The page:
Residing in Little Havana, the futuristic, revolutionary Marlins Park looks quite out of place, but once inside the building, a fan would know he is in downtown Miami. That was the way I felt last Monday inside the newest ballpark in Major League Baseball.
Several gate locations surrounding Marlins Park facilitate the entry process for the fans. One of the largest, and busiest gates on Monday was the centerfield gate on the Orange Bowl Plaza, right off NW 14th Ave. Entry was slightly different than other parks I’ve been to, at least at the centerfield gate. Fans enter on the field level and must immediately ascend on a long escalator to the main concourse. The escalator drops off in left field. It was there that I immediately noticed the ushers were checking tickets for every section, so my experience was spoiled momentarily.
The field is visible from every point on the main concourse, which circles the entire park. The concourse is divided into four sections, Red, Blue, Yellow, and Green. Each color corresponds to the closest entry gate: Red is third base, Blue is home plate, Yellow is first base, and Green is centerfield.
The front office brags about the cuisine offered at Marlins Park. Team President David Samson said if he could pick out one meal it would be the steak tacos from Miami Mex, a restaurant in the Yellow quadrant. I did not have any ballpark food myself, so I cannot personally attest to its quality.
A popular attraction in the park is the Bobblehead Museum, a standalone display in the Blue quadrant on the main concourse, which holds nearly 700 bobbleheads according to Marlins.com. The structure moves slightly so that the heads are constantly bobbling. There is also a touch screen computer on which you can search for a player to see if he has a bobblehead in the display.
Inside the home plate backstop, extending from each dugout toward home plate are two, 450-gallon aquaria holding small, tropical fish. The aquaria are lined with panels an inch and a half thick, and reenforced with Lexan, a bulletproof substance. Unfortunately, since they are behind home plate, fans at the ballpark cannot view an aquarium without an expensive ticket. Due to this, the only picture of an aquarium I took was via the jumbotron’s feed, and is not even good enough to post. On the first base side, the aquarium is in front of sections FL4 and FL5, and on the third base side, it is in front of FL7 and FL8. The aquarium idea is great, but personally I think it would attract many more fans if it were a gigantic fish tank in the outfield, in place of the gaudy home run sculpture. It would have been a lot cheaper too.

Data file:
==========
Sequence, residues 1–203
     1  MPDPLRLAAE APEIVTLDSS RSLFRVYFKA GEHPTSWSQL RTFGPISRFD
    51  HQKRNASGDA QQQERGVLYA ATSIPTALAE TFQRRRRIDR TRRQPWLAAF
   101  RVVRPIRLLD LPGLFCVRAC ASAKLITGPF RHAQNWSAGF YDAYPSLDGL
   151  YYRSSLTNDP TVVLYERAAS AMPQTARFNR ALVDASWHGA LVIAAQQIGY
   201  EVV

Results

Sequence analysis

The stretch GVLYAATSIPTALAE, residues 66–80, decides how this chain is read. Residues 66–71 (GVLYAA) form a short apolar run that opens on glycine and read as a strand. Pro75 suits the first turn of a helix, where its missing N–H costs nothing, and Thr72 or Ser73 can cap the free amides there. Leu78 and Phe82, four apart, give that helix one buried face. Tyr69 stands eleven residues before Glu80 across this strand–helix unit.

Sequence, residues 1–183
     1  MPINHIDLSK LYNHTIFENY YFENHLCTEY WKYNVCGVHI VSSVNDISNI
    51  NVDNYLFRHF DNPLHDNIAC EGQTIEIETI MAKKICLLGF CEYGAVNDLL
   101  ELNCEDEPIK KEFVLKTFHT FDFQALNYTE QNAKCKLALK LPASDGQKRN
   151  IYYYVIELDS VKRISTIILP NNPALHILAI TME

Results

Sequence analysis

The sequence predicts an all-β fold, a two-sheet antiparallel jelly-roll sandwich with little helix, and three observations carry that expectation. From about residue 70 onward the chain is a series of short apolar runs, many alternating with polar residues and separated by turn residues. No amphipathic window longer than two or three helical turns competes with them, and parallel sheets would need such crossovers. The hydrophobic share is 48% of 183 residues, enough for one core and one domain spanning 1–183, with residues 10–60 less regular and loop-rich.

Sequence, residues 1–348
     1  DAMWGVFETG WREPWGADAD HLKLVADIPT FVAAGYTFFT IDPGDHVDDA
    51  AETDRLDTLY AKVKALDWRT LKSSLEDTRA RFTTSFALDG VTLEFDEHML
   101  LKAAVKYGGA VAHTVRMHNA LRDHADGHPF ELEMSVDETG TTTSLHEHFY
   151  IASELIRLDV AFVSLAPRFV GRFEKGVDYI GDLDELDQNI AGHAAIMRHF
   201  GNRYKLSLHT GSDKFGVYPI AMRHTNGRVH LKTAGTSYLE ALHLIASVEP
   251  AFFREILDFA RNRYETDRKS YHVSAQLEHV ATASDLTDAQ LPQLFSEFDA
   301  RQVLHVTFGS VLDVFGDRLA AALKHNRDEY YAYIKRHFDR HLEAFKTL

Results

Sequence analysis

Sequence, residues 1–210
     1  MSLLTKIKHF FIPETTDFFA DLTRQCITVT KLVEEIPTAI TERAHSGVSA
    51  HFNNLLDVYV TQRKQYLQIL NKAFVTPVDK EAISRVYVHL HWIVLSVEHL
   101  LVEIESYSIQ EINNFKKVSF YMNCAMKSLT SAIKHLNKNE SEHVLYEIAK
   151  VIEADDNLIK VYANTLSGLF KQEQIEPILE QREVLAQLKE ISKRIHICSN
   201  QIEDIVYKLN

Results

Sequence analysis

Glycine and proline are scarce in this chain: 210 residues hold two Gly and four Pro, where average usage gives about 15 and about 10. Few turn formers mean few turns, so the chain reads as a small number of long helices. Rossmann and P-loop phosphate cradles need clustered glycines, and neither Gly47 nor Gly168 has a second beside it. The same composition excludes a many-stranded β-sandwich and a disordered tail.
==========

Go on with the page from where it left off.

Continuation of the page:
Of course, the “home run sculpture,” which does not yet have a formal name, sits in left-centerfield and will light up and spew smoke whenever a Marlins player hits a home run. The mechanized marlins will leap out of undulating waves while the seagulls flap their wings. The Fish play a home series against Houston at the end of the week, at which time the feature should see its first action. At a $2 million cost, it better activate a lot this season.
The most practical feature of the park is its retractable roof, which will eliminate rain delays or cancellations and create total comfort for the players and fans. Along with the retractable roof, the glass panels lining the left field concourse retract from the foul pole to centerfield. The Marlins plan to have the roof closed for the summer games, or whenever else the temperature and humidity are up, and whenever rain is in the forecast. For batting practice, the roof should be closed also, and will open right before the game, if scheduled. The roof isn’t just for the fans’ comfort, though. Marlins players spoke about stressing over the dreaded summer games in Miami while playing at Sun Life Stadium. Players were also uneasy when rain was in the forecast, as they never knew if the game would actually be played. But there is nothing to worry about now as the new stadium is completely climate controlled.
The state of the art Marlins Park, the newest venue in baseball, is already attracting much attention, and is a focal point of the 2012 baseball season. And it’s nice to have a winning team to go along with a great park. We’ll see if that pans out.